NCAA's ruling on James Wiseman sure to rankle Memphis fans still haunted by 'strict liability'

Sporting News

For those who follow any sports team, there is bound to be a simple phrase from the past whose mention can conjure the worst memories of what it means to be a fan. For those who love the Dallas Cowboys, it might be "Dez caught it." With the Boston Red Sox, it's simply, "Bucky F—ing Dent."

With the Memphis Tigers, though, it is not necessarily something heartbreaking that occurred during a game, or else the words in question might be "free throw." No, it’s what came after Derrick Rose missed a foul shot that might have clinched the 2008 NCAA Tournament championship.

The words that haunt Tigers fans are these: "strict liability."

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They no doubt could hear those words echoing in the background as they considered the news that super recruit James Wiseman, a center who is the first No. 1 prep prospect to choose the Tigers since Rose a dozen years earlier, was declared ineligible by the NCAA because of an amateurism issue, then OK'd to play because of a court injunction.

They wonder if what was presenting itself as a dream season suddenly will be shattered. The injunction will hold for Friday’s game against UIC, but what of a scheduled game against Pac-12 Conference favorite Oregon, which is scheduled for Tuesday? What of all the games they are to play between now and when the Final Four is contested in Atlanta?

Mostly, they wonder if Memphis is going to be targeted every time the Tigers are successful in recruiting elite players. "He is being punished for not choosing a blue blood school," wrote poster aardWolf on the message board. "It was fun while it lasted but you can't have a school like Memphis upsetting the P5," wrote TigerTim in the same venue.

The facts of the Wiseman case may or may not support this concern. We don’t know enough to even venture an opinion. But the fiasco the NCAA infractions committee created around Rose's eligibility gives those commenters a basis for their suspicion.

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"Strict liability" was a term the chairman of the NCAA infractions committee, the late Paul Dee of the University of Miami, employed when the Memphis basketball program was dragged through the enforcement process for some fairly meager charges: some billing issues for trips made by Rose's brother on the Tigers’ team charters, as well as Rose's eligibility stemming from a specious examination of his qualifying test score.

Rose's eligibility to compete had been affirmed multiple times by the NCAA, including its eligibility center, in advance of the 2007-08 season. Near the close of that season, for reasons that never have been entirely clear, officials at the College Board attempted to contact Rose regarding his test score. They sent a letter to his home in Chicago. Rose, however, was in Memphis — or in Little Rock, Houston and San Antonio playing in the NCAA Tournament.

Rose never responded to the College Board, perhaps because by the time he found out about such a letter, he was finished with NCAA basketball and on his way to being the No. 1 overall selection in the 2008 NBA Draft. Because he did not cooperate with its inquiry, the College Board invalidated his test score.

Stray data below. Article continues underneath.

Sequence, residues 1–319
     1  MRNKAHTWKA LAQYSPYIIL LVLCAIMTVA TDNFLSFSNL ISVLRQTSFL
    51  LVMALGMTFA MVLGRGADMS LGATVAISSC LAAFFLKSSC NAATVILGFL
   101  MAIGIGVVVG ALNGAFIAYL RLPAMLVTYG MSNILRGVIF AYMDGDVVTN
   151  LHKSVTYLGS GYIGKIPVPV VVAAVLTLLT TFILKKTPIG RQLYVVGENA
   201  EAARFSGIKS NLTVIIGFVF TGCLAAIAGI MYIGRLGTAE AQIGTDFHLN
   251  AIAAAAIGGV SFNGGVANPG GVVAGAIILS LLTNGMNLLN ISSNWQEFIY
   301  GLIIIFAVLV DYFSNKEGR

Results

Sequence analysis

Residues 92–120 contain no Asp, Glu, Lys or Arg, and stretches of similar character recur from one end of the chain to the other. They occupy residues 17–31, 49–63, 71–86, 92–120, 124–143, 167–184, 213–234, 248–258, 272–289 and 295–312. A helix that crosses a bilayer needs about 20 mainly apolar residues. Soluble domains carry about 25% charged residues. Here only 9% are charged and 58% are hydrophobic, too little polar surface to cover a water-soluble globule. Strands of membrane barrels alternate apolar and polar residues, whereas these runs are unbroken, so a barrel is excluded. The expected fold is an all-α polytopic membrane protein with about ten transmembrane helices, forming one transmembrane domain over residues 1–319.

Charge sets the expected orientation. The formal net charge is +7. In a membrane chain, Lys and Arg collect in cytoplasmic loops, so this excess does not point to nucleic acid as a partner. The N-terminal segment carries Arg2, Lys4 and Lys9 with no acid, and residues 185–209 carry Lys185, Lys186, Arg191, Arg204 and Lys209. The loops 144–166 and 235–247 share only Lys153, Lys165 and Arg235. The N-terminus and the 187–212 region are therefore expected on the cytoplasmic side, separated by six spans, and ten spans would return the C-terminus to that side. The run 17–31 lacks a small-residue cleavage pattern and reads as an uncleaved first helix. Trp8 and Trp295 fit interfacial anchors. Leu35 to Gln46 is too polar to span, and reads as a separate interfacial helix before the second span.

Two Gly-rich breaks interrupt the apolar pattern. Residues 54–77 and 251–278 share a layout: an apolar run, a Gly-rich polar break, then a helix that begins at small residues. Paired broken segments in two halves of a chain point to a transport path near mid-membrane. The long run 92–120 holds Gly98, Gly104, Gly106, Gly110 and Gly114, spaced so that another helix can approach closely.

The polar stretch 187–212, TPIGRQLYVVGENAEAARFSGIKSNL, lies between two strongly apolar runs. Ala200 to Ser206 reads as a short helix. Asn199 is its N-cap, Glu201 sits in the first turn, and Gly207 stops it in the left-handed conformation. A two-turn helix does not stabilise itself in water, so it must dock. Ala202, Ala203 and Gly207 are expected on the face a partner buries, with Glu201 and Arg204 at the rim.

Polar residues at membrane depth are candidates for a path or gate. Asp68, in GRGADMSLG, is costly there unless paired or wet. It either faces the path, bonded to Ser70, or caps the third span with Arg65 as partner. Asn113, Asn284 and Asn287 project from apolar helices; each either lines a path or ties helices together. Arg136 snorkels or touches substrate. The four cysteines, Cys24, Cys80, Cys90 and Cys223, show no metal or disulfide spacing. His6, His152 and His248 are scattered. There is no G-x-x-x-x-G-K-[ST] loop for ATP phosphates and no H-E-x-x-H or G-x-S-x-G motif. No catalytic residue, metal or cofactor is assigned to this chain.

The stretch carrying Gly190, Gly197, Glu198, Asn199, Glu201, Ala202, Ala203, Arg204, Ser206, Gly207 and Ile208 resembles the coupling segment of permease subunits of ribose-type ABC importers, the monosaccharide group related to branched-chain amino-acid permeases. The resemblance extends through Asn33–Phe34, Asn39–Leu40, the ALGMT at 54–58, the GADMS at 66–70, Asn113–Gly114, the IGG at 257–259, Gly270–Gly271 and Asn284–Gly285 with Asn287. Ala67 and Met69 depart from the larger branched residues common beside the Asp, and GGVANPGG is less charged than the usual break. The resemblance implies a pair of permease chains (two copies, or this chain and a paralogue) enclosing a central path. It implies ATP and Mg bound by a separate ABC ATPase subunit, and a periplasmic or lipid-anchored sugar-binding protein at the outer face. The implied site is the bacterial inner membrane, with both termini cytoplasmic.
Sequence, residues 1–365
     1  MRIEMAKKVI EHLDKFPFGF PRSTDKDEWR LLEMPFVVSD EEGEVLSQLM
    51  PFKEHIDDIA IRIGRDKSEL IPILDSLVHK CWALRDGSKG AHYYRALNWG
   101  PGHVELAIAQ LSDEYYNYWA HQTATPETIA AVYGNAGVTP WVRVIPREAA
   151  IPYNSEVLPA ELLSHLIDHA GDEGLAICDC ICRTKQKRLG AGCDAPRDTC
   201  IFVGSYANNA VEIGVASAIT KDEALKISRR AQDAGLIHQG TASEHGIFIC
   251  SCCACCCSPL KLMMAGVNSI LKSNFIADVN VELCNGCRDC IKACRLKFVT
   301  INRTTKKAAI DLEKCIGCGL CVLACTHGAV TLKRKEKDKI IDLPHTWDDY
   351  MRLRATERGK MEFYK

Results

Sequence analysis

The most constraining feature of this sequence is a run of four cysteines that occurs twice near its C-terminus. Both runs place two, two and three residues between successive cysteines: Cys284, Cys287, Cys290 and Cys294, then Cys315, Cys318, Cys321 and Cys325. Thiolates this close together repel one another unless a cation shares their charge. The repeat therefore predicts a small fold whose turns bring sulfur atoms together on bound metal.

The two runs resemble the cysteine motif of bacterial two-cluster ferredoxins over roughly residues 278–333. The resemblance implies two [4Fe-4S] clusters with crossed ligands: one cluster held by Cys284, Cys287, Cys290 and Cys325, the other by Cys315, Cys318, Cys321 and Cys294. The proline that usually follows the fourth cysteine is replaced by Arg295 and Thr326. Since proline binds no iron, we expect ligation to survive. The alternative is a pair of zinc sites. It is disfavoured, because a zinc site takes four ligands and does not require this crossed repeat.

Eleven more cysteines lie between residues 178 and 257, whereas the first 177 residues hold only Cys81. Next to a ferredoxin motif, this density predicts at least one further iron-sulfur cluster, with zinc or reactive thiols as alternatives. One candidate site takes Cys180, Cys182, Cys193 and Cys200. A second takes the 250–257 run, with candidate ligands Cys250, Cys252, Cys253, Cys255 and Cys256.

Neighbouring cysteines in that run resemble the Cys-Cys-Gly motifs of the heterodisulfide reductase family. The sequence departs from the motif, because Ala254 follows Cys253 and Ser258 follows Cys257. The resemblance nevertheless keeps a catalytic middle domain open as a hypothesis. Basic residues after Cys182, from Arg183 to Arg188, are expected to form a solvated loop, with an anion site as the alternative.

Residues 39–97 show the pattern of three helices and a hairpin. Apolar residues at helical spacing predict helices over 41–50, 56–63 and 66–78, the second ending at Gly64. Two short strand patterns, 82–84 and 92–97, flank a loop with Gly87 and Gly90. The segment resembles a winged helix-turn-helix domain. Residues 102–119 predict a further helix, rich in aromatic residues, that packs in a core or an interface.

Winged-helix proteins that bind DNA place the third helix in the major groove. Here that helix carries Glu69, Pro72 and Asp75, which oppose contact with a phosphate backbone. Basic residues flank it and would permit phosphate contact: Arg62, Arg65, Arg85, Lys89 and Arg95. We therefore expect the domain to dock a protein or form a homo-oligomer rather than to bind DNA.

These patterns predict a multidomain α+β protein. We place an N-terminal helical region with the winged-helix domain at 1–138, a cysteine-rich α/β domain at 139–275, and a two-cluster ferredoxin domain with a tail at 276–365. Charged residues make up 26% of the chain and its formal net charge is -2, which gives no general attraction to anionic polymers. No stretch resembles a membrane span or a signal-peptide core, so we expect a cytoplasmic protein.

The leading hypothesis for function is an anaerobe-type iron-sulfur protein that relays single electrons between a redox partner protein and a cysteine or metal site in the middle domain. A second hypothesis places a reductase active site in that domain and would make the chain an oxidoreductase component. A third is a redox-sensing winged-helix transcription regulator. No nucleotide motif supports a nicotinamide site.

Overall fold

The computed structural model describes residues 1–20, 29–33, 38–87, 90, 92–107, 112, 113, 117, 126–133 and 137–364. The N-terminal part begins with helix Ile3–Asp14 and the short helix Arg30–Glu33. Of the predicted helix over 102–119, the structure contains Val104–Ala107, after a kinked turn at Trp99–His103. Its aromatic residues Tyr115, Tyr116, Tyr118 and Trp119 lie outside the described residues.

So even though the NCAA had approved Rose’s eligibility prior to the season he played, Dee announced Rose had been ineligible through the doctrine of "strict liability." Memphis should have known Rose was ineligible even though the NCAA told him he was clear to play.

It was as preposterous then as it is now, especially because on multiple occasions over the past 20 years, higher-profile schools have had athletes discovered to be retroactively ineligible and continued forward without punishment.

The NCAA never proved Rose did not take his test. It hired a handwriting expert who said it was "probably" not Rose who signed the test. This seems a pathetic standard to employ when punishing a school with the loss of a Final Four appearance. But "strict liability" meant this wasn't really an issue. It didn't matter whether Rose took the test, only that it had been retroactively canceled.

Wiseman is a spectacular prospect: a 7-1 center who runs the court as well as any player his size ever has. He needs to learn to play more consistently with high energy, and it won't hurt if he improves his perimeter jumper; college basketball is supposed to give him the opportunity to do that.

The NCAA is claiming Hardaway presented $11,500 to Wiseman’s mother in 2017, when the family moved from Nashville to Memphis. Wiseman then played a year for Hardaway at East High, and they won a Tennessee state championship. After Hardaway was hired as Tigers head coach, Wiseman committed to play for him this season, which certainly will be his only year in college before entering the 2020 NBA Draft.

According to the suit Wiseman’s attorneys filed to restore his eligibility, this information was known to the NCAA at the time his eligibility was certified. Memphis has agreed the money was paid -- but stated its public support for Wiseman’s challenge of the NCAA.

"We will continue to be cooperative, respectful and professional in our dealings with the NCAA, while availing ourselves of every resource in the best interests of our student-athletes, our coach, and our University," athletic director Laird Veatch said in the school's statement. "It is clear to me in my short time here that Memphians will stand up and fight, both for each other and for what is right, and I am proud to stand with them."

Tigers fans will fight, for sure, but they will wonder all the while if it’s a rigged contest. After stewing in "strict liability" for a decade, they are entitled to their paranoia.

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